Most Likely to Actually Save the Wizarding World: Phoenix

Harry Potter did a lot to save the world, sure, but he would’ve been SOL without Fawkes on multiple occasions.

Best Pet for Furby People: Puffskein

Alternately, Best Pet for Tribble People. I would’ve begged hard for a puffskein as a kid. It bothers me that the puffskeins sold at the Wizarding World of Harry Potter are bright pink and purple. They are custard-colored! Read the book! (Edited to add: Never mind. They sell pygmy puffs at the WWoHP. I have no idea what I’m talking about.)

Best Family Rivalry: Quintaped

The legend says that the McClivert family turned the entire MacBoon family into five-legged creatures. In turn, the newly changed quintapeds destroyed every single one of the McCliverts. It’s a good thing that the Hatfields and McCoys didn’t have magic.

Most Likely to Scare Indiana Jones: Runespoor

It’s a three-headed snake. And it produces eggs in its mouth. This is another creature that I don’t like to think about too much. This book is a lot creepier than I remember it being. On the bright side, the book really does sell the notion that all of these beasts are fantastic and amazing, even though most of them give me the creepy-crawlies.

Best Quidditch Through the Ages Crossover: Snidget

The Golden Snidget was used in the early games of Quidditch until the creature went nearly extinct and Bowman Wright developed the Golden Snitch as a substitute.

Most Likely To Disappoint Young Kids Everywhere: Unicorn

Listen, I was once a seven-year-old. I remember finding out that unicorns weren’t real. I’m still pissed off. I would briefly turn into Lavender Brown if I ever had the chance to see a unicorn.

Most Likely to Break My Heart: Werewolves

While werewolves have a long and complicated history with the magical community, I just barely finished reading Deathly Hallows and I’m not ready to talk about it yet. I can’t even begin to think about werewolves without getting torn up about Lupin and Tonks. I…can’t.

Stray Thoughts:

-Let’s play a game called Pitch the Movie! What’s your pitch for the Fantastic Beasts movie?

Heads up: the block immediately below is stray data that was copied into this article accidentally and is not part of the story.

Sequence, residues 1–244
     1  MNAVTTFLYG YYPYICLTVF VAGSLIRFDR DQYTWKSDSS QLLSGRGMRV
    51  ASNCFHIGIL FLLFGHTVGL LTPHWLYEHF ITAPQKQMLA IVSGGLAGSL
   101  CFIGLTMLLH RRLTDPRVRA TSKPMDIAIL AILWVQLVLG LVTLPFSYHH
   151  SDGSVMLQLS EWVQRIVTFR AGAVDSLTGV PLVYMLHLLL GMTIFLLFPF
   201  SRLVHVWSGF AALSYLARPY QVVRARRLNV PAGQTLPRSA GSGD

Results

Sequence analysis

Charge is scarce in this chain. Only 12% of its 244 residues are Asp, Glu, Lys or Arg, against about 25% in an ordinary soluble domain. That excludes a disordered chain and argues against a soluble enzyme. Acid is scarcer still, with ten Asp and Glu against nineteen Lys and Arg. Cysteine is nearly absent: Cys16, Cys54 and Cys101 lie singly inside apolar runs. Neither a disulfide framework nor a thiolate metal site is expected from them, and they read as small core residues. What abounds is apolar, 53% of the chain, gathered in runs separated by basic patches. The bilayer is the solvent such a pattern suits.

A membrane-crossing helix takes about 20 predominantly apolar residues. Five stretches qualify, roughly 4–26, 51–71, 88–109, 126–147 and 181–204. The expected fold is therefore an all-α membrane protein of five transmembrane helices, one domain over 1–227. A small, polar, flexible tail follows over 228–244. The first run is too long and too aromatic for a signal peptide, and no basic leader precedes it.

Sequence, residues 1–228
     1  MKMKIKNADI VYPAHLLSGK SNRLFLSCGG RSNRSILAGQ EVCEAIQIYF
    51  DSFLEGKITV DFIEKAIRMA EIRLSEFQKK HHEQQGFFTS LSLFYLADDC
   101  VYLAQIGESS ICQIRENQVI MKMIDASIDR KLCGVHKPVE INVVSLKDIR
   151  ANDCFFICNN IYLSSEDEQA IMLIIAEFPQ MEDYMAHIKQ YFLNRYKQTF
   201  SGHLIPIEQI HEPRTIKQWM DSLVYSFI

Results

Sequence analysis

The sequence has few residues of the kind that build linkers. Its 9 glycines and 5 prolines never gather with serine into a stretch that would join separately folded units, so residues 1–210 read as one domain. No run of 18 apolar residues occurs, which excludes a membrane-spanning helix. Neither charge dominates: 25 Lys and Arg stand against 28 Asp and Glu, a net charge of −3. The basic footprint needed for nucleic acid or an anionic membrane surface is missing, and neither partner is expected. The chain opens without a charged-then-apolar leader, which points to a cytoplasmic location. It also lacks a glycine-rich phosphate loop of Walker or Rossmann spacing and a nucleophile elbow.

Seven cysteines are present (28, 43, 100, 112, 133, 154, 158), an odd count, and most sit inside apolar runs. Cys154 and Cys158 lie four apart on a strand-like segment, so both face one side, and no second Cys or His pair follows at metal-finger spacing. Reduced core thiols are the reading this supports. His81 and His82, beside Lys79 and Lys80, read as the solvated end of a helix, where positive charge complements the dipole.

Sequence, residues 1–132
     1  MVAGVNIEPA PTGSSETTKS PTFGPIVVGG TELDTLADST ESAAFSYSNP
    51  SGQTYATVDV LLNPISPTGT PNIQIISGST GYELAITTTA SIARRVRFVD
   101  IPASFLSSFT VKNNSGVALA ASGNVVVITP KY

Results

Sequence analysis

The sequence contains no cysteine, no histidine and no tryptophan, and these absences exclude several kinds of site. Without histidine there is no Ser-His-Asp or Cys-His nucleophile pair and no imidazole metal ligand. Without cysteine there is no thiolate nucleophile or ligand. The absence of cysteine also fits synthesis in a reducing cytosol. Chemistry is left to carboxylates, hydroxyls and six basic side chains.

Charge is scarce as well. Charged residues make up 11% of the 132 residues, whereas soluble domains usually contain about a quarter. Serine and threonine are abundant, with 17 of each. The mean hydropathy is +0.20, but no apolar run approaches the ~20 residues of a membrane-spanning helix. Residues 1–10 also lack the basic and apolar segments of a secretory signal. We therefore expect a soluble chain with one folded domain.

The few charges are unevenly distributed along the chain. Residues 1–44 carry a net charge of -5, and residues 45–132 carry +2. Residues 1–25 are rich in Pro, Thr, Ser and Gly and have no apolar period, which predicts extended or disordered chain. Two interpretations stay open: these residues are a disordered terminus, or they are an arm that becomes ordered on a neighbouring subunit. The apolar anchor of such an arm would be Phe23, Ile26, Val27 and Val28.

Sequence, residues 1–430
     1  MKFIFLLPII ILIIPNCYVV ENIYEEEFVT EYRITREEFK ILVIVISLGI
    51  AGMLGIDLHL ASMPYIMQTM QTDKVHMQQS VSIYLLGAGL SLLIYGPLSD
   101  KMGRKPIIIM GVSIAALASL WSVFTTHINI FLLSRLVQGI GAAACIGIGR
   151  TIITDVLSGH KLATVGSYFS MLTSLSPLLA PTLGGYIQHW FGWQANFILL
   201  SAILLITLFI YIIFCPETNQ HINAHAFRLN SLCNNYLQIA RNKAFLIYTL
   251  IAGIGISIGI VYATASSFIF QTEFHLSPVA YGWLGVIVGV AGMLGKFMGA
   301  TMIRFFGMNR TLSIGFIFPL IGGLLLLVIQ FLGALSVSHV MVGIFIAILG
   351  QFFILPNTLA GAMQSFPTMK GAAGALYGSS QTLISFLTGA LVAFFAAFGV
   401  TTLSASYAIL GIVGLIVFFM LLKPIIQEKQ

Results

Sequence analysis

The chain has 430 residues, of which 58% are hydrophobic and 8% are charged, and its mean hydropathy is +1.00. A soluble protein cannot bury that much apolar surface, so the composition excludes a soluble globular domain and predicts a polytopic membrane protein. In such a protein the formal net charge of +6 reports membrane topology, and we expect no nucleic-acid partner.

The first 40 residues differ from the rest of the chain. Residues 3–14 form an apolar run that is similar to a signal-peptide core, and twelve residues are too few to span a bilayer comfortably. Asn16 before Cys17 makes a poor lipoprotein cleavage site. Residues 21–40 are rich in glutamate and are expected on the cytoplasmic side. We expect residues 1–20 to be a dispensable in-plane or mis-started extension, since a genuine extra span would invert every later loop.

-We had a brief casting session over in the comments of this post. Any additional ideas?

-The book is not complete in its listing of creatures, perhaps due to an oversight from Mr. Scamander himself. From Wikipedia, “The book does not have entries for Blast-Ended Skrewts (which makes sense, as they are an illegal crossbreed), Boggarts, Crumple-Horned Snorkacks, Dementors, Hinkypunks, Bicorns, Cockatrices, Banshees, Three-Headed Dogs or Blood-Sucking Bugbears.” I found this out when I went searching for an answer as to why Dementors were not listed.

-Go Chudley Cannons!

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12 thoughts on “Fantastic Beasts and Where to Find Them: “Call me Newt. Only my mother calls me doctor.”

  1. Ashley says:

    Are you sure they don’t sell pygmy puffs at the Wizarding World? Because that’s a Weasley’s Wizarding Wheezes creation, and I’m pretty sure they come in colors. Doesn’t Ginny end up with one called Arnold?

    Oh my God, the Lethifold is terrifying and I can’t wait to see what they do with it in the movie (it has to be in the movie), but it is hands down one of my favorite things Jo has ever written, because of this:

    (“One known case of an individual attempting to fake a Lethifold attack was Janus Thickey, who disappeared in 1973, leaving behind a note reading ‘Oh no, a Lethifold’s got me, I’m suffocating’.”)

    It makes me laugh SO HARD.

    Excellent overview, BTW. I still can’t decide who I’d want to play Newt. I’m still leaning Hiddles, but I think an unknown might be good, too. Hiddles might be too old.

  2. Kevin O'Shea says:

    I don’t know if I said this before or not, but the dude who was Q in Skyfall.

  3. Alyssa says:

    I love that one of Newt’s middle names is Fido. That’s so wonderfully appropriate.

    I also love that you have a “Most Likely to be Loved by Tina Belcher” superlative. Actually, I love all of your superlatives – and your picks for them!

    I bet Newt’s Patronus is a dragon!